When these realizations hit you like a C-5, it’s easy to make bad calls. You might panic. You will do dumb things you’d never do as a civilian and laugh about it afterwards. What you might not laugh about is graduating basic training and then going back home and hiding instead of reporting to tech school, as one of my flightmates did (his career obviously ended). You might dive into a destructive relationship, as another friend almost did because of the pain of saying goodbye to that someone. Emotions confuse, make wrong things feel right.
Resist this effect. When a new challenge threatens to derail you, just tell yourself, “I don’t need to make any big decisions about how I feel about this right now.” Just sit on it for 24 hours or so, let things play out. It will save so much of your bacon. By the time you’re visiting home after basic training, you’ll be unrecognizable to yourself, like my seniors pastor’s son who, as a newly-minted Marine, couldn’t stop standing at parade rest in the middle of his old church.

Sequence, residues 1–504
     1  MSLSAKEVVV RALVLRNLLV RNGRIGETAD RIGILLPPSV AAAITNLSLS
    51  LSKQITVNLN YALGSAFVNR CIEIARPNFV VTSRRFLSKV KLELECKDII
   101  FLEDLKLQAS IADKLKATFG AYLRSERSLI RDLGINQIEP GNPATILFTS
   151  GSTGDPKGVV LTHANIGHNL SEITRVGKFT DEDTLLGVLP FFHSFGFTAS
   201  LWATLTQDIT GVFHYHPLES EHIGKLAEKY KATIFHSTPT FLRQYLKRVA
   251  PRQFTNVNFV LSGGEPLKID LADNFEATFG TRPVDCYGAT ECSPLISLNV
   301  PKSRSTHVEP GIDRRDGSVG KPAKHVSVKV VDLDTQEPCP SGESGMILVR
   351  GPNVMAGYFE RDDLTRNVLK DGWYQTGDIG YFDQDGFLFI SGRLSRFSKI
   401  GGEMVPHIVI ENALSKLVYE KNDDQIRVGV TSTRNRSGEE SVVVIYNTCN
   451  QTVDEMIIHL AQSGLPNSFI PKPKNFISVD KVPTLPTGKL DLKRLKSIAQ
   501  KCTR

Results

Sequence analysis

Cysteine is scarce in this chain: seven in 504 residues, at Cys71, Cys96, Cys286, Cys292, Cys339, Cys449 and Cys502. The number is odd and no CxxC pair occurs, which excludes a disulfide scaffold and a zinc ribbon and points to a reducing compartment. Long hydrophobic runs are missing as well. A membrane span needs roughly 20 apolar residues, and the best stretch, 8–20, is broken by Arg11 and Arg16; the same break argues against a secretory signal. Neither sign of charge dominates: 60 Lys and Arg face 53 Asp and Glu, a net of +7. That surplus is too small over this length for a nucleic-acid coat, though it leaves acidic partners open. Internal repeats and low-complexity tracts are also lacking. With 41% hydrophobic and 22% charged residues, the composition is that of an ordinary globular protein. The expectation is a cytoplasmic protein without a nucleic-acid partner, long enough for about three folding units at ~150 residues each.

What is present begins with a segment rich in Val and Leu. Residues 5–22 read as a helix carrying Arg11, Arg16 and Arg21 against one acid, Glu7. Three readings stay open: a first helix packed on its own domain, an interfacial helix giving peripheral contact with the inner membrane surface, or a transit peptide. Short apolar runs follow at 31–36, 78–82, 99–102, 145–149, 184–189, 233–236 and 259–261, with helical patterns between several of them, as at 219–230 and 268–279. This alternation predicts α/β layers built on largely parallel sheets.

3. Have a thick skin.
Much of my tour consisted of sitting on a launch truck having to listen to graphic, cringe-inducing descriptions of the trash others indulged in. Thirteen years later and I’m still asking God to scrub my brain of that stuff.
But…if you want my advice, it won’t do to pretend that you’re too good for it all, or to protest it. That goes sideways fast. You’ll be seen as prudish, holier-than-thou, and dismissed accordingly. They’ll ask, “It’s the military. What were you expecting?” And you won’t have a good answer. You’re gonna see stuff. There’s really no way around that.
Instead, have a thick skin, one that allows no objectionable stuff in, but also makes no sound as it bounces off. This is possible. I’m not sure whether “desensitization” is the right word or not, but I personally believe there’s a lot to be said for the Christian’s ability to prosper in such an environment. There’s no light in the room a candle won’t enter.
4. Appreciate the good bosses more than the bad ones.
The memory that really chafes at me today is letting my attitude get dragged down over the two or three bad bosses I dealt with, while under-appreciating the support of the dozen good ones. They were some great bosses. They believed in me. And life has since taught me that many people end up with a much, much worse ratio. But when we let our minds fixate on the bad, it can inflate and dwarf the good. Basic psychology.